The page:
The centre, to be housed in Tan Tock Seng Hospital, is a one-stop service centre bringing together different medical specialities to care for the elderly.
The IGA is set up by Tan Tock Seng Hospital's Division of Integrative and Community Care to establish new directions for geriatric care in Singapore. The institute will also allow healthcare professionals to conduct research.
Focus areas will include clinical, technology, living environment and industrial designs. These will be targeted at developing innovative care models.
The institute will also work with the three medical schools to improve the prominence of geriatric education.
It will also serve as a platform for medical professionals and elder care providers in the community to share knowledge and exchange ideas on ageing research and education.
Associate Professor Chin Jing Jih, divisional chairman of Integrative and Community Care at Tan Tock Seng Hospital, said: "The population in Singapore is ageing very rapidly and we have set (up) this Institute of Geriatric and Active Ageing primarily to coordinate research and educational efforts so that they can be aligned with the needs of senior citizens in Singapore.
"Through this platform, we also hope to train more healthcare workers to be confident and competent in the care for the elderly."
09-28-2012, 12:02 AM #6577
SIA unveiled as official airline of Singapore Indoor Stadium
Updated 10:18 PM Sep 27, 2012
SINGAPORE - National carrier Singapore Airline (SIA) has signed a deal to become the official airline of the Singapore Indoor Stadium. (SIS)
The sponsorship deal, which was brokered by World Sport Group, the exclusive commercial partner of the Sports Hub, was announced yesterday.
It makes SIA the latest addition to the SIS's group of corporate partners which include 100-PLUS, Carlsberg, Jack Daniels, MasterCard and Mercedes-Benz.
As part of the deal, the SIA signage will now be displayed throughout the SIS.
The airline will also enjoy branding opportunities on the Sports Hub's official website, and will also have the right to feature the SIS event calendar on its website.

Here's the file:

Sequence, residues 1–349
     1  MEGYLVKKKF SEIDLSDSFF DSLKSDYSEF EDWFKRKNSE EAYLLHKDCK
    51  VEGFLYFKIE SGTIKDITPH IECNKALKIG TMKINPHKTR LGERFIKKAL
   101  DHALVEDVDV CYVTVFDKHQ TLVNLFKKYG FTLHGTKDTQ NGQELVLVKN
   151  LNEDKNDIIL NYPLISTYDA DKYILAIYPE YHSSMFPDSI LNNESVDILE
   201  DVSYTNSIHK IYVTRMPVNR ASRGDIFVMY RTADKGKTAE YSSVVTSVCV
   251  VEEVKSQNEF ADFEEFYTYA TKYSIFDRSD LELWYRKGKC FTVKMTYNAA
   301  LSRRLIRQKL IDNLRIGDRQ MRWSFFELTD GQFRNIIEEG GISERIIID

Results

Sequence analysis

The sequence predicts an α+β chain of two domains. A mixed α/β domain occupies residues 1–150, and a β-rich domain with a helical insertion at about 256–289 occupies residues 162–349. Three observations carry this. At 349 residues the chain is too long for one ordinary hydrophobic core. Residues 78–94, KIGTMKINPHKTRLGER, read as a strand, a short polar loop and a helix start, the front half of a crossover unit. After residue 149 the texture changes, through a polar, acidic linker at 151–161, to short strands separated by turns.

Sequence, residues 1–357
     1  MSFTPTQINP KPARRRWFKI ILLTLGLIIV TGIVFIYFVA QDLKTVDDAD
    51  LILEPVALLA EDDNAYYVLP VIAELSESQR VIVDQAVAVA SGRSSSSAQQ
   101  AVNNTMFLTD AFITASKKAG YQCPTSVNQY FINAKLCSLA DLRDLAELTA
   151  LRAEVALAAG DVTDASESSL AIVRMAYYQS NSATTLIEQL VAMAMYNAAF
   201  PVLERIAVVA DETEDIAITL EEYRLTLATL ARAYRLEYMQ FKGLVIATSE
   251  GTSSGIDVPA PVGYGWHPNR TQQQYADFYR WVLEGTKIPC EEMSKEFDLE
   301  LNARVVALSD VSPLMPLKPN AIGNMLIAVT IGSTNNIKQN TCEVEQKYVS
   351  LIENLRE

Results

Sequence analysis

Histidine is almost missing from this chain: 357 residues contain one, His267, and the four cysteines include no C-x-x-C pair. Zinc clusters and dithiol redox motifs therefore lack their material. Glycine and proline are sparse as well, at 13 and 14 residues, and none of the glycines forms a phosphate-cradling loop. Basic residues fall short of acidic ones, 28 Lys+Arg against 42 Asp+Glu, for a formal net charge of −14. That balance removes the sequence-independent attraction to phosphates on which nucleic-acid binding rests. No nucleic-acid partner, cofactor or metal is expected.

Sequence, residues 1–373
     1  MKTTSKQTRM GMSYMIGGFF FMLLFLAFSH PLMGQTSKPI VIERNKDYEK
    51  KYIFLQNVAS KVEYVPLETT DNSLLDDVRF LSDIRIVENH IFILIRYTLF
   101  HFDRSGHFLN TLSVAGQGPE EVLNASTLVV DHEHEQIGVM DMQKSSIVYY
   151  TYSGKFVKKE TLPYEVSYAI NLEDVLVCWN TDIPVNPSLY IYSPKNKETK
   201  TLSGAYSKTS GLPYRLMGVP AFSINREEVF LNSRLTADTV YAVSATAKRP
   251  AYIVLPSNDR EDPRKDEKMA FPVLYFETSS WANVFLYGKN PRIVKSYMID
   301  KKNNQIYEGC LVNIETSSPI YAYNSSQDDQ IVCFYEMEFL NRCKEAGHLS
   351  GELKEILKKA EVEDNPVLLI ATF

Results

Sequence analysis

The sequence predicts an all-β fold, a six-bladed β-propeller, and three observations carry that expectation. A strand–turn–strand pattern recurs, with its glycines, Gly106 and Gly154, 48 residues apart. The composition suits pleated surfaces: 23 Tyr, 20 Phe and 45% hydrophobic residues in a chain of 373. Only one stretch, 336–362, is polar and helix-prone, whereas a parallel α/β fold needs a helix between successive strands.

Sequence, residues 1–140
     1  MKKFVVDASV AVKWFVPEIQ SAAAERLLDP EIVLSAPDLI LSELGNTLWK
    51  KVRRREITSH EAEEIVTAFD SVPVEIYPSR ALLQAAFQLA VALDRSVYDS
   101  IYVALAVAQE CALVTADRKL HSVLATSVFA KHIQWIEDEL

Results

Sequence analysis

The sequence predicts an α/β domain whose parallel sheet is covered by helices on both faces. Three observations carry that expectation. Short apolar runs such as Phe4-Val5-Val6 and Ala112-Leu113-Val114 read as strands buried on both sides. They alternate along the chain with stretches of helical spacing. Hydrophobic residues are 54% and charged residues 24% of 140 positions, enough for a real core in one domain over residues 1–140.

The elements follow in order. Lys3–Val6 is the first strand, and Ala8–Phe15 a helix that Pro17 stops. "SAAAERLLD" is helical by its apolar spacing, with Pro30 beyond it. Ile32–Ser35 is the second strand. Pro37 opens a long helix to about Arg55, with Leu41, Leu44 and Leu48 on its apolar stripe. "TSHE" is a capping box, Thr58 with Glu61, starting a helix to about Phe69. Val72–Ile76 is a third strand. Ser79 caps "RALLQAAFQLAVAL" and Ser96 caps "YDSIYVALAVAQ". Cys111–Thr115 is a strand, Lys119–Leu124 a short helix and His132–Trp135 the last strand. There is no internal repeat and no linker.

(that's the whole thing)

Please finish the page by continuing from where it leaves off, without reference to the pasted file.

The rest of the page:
"We are glad to partner with the Singapore Indoor Stadium to continue bringing in vibrant live performances as well as exciting sporting programmes to Singapore," said Mr Sheldon Hee, SIA's senior manager for Marketing Communications and Development.
"We also look forward to the eventual completion of the Singapore Sports Hub, a fully integrated sports, entertainment and lifestyle centre of which the SIS will be a key feature,"
SIS managing director Mark Collins said: "We are proud to partner with a brand that holds such world-class stature, one that is best in its class.
"With less than two years to go to the completion of the Singapore Sports Hub, the support from the corporate community has been positive and encouraging.
"We look forward to working hand-in-hand with our partners to build a vibrant entertainment and sports scene in Singapore for all to enjoy."
The SIS became part of the Sports Hub in Aug 2010. The S$1.33 billion, 35-hectare Sports Hub is scheduled to open in April 2014.
09-30-2012, 10:06 PM #6578
Support eldercare facilities, says PM Lee
Prime Minister highlights that it is important to involve senior citizens in daily life
by Dylan Loh
04:45 AM Oct 01, 2012
SINGAPORE - Following the announcement last week that 105 eldercare facilities will be built islandwide over the next four years, Prime Minister Lee Hsien Loong has called on Singaporeans to support eldercare facilities.
The facilities will not just be for senior citizens now but also for the next generation when it gets old, said Mr Lee, who was making a speech at the Mid-Autumn Festival celebration in Teck Ghee Division yesterday evening.
Recent plans to build such facilities in housing estates have met with resistance from residents. The Government has said it will seek feedback in the months ahead from residents near the sites proposed in the new plan in the months ahead.
In making Singapore more elderly-friendly, Government programmes are only a part of the solution, said Mr Lee. The other part is for people to take care of themselves and their elderly family members, so that they can grow old with their health and relations intact.
"It's important for us to involve the older ones in our community, not just during festive occasions like tonight, but also in our daily lives. Because ... our society is ageing quickly. You can see it all around us, and even in Ang Mo Kio, you can see it, many more old people now. And we have to help our seniors to age with dignity and with peace of mind," he said.